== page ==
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May 30, 2010, 12:27 

#21 
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Andrea Pasquali
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Hello everybody,
i'm interesting to body force analysis. What is the dimension "magnitude" in the code? Is it possible add the rotational term to the thrust? Maybe could be correct using MRF + body force to the same volume of cells? Thanks for any reply Andrea
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Andrea Pasquali 

June 1, 2010, 08:11 

#22 
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Stefan
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Hello Andrea,
the dimension of magnitude is L^4/T^2 (force per density) as you can guess from: Code:
IOobject ( "bodyForce", ... dimensionedVector("zero", dimForce/dimVolume/dimDensity, vector::zero) ); ~Stefan 

June 1, 2010, 08:28 

#23 
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Andrea Pasquali
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Hi Stefan,
thank you for you reply! This is what I mean! In the code posted dy Eric there is just thrust, is it? I changed t to put a propeller in whatever direction I want, can you help me to add also tangential force to the involved cells? Thanks Andrea
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Andrea Pasquali 

June 4, 2010, 09:04 

#24 
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Stefan
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Hello Andrea,
maybe i could... The code above is an example by Eric to implement a uniform force distribution in direction of a selectable directionVector. For testing you could also calculate a uniform tangential force across the propeller radius with a given magnitude and an tangential vector which point for every cell in tangential direction of the local position vector (from propeller centre to each cell centre). It is a little bit tricky, but with some careful considerations you will calculate the appropriate direction with basic trigonemtrical functions. The local position vector to cellI ist described by r and phi according to the local point of origin (propeller centre). In case of a directionVector = (1 0 0), the tangential vector, say tan' schould be something like this: tan'(x_i,z_i)=(cos[phi],sin[phi])^T with phi=arctan(y_i/z_i) It is a good help to plot your developed functions and cecking the rightness. Lately in paraView you see, if the tangential vectors are correct. With a factor, say f you are able to define the rotation direction of the propeller: tanrot'=f*tan'(x_i,z_i) with f={1,1} x_i,z_i are the global cell centre positions, if the global point of origin is (0 0 0) and y_i=0 (one central screw propeller). If the above things will working, you can determine the ratio from axial and tangential forces by a propeller nomogram (e.g. standard series). Additionaly a radial distribution of the magnitudes could be implement (see PNA Vol.II for qualitative radial circulation distribution of an open propeller). I hope that helps a bit! ~Stefan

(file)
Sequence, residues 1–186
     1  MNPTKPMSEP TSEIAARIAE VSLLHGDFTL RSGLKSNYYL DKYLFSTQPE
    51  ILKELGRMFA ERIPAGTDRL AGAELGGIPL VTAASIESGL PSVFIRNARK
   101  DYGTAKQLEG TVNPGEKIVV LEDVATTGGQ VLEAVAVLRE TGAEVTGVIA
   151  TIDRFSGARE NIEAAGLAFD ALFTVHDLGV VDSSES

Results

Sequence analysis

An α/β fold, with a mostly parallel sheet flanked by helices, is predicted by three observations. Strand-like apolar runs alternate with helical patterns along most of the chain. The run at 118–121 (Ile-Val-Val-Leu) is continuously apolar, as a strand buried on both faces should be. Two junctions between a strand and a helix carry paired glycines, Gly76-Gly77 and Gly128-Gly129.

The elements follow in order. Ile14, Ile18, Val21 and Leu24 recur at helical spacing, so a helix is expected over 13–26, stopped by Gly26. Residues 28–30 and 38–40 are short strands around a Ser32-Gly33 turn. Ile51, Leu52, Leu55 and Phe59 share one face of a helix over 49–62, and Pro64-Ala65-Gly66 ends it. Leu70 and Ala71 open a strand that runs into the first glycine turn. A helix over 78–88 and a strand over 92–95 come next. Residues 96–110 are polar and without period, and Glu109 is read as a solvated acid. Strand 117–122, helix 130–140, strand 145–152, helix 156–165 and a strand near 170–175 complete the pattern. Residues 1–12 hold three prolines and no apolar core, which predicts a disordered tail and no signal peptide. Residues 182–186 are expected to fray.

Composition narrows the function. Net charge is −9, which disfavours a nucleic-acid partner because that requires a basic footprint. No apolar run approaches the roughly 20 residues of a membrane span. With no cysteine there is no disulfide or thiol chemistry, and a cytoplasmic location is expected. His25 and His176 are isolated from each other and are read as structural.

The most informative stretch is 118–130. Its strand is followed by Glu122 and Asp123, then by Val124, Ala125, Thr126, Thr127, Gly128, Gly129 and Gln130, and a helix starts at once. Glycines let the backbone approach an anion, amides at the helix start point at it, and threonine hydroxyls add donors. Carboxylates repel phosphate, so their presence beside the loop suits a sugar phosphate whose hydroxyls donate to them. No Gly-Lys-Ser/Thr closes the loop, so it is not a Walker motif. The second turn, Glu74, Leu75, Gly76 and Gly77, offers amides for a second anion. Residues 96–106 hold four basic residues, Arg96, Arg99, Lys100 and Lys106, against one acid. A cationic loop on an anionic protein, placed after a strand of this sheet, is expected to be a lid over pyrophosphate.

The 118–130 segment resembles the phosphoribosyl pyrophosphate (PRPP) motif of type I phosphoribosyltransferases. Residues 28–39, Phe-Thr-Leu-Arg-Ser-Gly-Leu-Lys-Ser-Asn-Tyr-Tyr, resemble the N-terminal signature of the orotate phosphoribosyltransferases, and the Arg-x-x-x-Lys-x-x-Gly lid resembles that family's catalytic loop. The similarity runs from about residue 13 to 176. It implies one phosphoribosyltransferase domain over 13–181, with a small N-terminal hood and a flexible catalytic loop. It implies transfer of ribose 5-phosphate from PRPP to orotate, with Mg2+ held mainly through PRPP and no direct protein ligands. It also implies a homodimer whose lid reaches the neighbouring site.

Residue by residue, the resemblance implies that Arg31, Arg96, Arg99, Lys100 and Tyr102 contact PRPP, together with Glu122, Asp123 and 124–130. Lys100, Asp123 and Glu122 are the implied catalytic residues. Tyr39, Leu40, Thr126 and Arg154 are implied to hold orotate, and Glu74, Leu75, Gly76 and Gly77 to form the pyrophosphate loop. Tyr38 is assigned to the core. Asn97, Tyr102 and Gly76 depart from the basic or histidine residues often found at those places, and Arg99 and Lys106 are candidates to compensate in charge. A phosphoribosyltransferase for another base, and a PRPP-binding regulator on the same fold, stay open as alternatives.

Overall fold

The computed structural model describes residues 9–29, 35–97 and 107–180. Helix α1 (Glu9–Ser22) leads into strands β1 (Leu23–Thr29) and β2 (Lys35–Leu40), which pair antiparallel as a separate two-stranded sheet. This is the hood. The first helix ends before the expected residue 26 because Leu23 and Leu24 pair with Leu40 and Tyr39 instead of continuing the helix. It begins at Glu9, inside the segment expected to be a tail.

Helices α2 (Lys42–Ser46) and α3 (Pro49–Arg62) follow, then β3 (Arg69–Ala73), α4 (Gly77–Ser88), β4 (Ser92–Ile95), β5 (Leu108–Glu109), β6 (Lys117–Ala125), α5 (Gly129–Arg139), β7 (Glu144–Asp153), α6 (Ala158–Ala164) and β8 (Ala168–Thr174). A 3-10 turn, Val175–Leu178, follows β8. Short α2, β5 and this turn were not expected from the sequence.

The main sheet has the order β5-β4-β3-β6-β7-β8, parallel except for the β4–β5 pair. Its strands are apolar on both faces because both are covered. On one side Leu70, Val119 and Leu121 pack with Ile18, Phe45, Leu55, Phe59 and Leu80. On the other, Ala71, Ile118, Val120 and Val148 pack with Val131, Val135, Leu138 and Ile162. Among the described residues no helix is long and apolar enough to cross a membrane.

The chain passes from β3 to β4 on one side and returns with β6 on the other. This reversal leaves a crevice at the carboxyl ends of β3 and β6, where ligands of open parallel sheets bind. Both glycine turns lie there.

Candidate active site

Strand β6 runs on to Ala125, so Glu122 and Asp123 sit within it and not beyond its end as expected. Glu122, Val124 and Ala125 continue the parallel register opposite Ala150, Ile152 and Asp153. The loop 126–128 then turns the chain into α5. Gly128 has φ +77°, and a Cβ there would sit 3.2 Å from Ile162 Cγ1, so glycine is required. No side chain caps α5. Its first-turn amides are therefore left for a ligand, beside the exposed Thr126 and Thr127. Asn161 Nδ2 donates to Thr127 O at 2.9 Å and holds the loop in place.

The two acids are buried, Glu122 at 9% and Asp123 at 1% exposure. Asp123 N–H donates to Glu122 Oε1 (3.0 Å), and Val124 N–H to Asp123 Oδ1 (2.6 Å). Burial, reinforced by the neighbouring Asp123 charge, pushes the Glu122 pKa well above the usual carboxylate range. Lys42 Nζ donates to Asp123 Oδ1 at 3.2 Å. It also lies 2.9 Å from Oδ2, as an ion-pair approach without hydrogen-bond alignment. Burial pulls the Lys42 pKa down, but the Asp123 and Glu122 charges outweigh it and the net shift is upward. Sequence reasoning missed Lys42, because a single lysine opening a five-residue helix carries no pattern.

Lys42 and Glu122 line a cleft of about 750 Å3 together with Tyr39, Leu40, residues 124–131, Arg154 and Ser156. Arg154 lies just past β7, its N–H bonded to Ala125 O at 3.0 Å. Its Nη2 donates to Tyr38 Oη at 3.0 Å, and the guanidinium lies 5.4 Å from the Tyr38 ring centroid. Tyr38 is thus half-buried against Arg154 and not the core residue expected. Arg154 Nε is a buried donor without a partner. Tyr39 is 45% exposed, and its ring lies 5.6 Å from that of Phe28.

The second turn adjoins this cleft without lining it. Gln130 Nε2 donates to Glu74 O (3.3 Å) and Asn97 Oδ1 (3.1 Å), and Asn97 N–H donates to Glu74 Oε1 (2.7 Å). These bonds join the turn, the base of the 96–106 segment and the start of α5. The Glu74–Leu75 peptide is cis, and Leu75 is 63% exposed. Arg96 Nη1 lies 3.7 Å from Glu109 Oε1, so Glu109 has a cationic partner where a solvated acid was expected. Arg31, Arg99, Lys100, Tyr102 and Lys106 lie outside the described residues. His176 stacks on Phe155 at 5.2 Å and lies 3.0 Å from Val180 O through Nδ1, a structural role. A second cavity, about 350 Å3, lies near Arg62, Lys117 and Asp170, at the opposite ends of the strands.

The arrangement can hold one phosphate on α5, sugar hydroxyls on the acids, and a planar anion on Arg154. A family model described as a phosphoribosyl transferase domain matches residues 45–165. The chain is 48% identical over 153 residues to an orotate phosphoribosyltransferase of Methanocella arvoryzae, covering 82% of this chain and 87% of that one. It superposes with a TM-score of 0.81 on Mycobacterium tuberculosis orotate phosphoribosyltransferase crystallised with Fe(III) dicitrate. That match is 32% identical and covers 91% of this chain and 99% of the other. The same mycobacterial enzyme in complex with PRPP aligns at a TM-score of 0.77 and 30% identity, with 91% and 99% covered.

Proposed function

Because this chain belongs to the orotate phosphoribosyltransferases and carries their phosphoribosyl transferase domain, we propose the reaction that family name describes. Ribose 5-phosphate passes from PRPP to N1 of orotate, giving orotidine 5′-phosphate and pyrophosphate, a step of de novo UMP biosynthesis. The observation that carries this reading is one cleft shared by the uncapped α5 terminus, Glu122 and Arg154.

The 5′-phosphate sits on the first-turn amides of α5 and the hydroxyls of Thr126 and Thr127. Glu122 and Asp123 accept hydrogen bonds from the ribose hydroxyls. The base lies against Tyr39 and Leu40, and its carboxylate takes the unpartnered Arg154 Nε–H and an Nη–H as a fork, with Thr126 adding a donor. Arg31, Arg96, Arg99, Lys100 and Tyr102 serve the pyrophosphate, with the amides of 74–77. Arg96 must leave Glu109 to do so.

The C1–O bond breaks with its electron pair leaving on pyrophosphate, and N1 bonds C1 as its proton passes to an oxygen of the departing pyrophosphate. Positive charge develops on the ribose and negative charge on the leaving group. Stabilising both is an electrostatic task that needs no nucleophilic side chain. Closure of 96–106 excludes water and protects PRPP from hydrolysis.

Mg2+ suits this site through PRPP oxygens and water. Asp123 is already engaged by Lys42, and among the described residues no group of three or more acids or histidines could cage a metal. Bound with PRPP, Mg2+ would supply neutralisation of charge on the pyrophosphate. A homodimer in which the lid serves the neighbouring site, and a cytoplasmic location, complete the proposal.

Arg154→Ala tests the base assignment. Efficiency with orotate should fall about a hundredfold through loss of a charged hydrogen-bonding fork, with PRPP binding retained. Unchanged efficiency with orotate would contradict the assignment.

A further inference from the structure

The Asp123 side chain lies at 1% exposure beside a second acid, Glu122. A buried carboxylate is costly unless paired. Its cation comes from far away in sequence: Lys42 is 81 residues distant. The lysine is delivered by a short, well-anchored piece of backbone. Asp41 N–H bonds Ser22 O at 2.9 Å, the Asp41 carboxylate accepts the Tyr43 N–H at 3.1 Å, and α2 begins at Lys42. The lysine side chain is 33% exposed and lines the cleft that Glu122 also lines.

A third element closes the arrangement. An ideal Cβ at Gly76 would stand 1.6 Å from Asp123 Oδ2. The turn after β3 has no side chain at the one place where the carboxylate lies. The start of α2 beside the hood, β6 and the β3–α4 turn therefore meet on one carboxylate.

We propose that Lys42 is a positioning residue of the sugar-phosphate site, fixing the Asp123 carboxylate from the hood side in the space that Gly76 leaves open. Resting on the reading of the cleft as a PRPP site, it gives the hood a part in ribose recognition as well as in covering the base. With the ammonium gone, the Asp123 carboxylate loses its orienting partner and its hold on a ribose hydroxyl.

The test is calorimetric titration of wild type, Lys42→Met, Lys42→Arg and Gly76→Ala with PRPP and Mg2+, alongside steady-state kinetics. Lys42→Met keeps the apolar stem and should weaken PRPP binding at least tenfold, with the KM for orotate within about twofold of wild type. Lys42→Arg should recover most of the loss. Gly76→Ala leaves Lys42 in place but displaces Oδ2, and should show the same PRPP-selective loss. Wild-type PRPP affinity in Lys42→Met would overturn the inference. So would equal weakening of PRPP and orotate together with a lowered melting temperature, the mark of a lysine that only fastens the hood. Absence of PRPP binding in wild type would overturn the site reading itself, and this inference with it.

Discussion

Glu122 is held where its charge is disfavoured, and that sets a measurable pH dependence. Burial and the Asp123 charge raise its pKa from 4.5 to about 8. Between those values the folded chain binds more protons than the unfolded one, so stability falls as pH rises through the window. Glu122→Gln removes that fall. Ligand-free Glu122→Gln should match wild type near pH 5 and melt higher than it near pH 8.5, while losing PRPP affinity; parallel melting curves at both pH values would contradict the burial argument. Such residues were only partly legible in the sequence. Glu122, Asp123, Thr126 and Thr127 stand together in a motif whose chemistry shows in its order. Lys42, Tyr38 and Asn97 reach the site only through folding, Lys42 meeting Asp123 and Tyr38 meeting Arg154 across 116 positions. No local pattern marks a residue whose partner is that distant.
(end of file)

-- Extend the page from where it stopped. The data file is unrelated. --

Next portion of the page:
October 2, 2012, 11:24 
Broken links for the literature provided by Eric

#25 
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Join Date: Mar 2009
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Hi Eric
Your post dated : February 26, 2010, have link to some articles. These links seem to dead now. If possible please provide with the new links to these articles. Thanks a lot jaswi 

June 4, 2014, 06:27 

#26 
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M. Montero
Join Date: Mar 2009
Location: Madrid
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Hi Tim,
I think your problem is the same that mine and the wiggles happen "always" http://www.cfdonline.com/Forums/ope...lwiggles.html "Discrete body forces are used in the present context to model the influence of wind turbines on the flow. In order to overcome the pressure wiggles introduced by discre te body forces, one approach is to smooth out the body forces by using a Gaussi an distri bution instead of a Dirac delta distribution " ] Using rotorDiskSource the problem is that wind speed is not calculated correctly in each cell so the angle of attack is incorrect, the force calculation, the wake.... Other option to solve the problem is to modify the RhieChow algorithm..... Any help? Last edited by be_inspired; June 6, 2014 at 07:22. 

February 18, 2015, 11:41 

#27 
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Matt Wright
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Hi,
I'm new to OpenFoam and I'm wondering if there is a way to implement the localised momentum sources in OpenFoam 2.3.0, is the code any different to the OF 1.6 Version. Also, how would you create the BodyForceDict file? Many Thanks Matt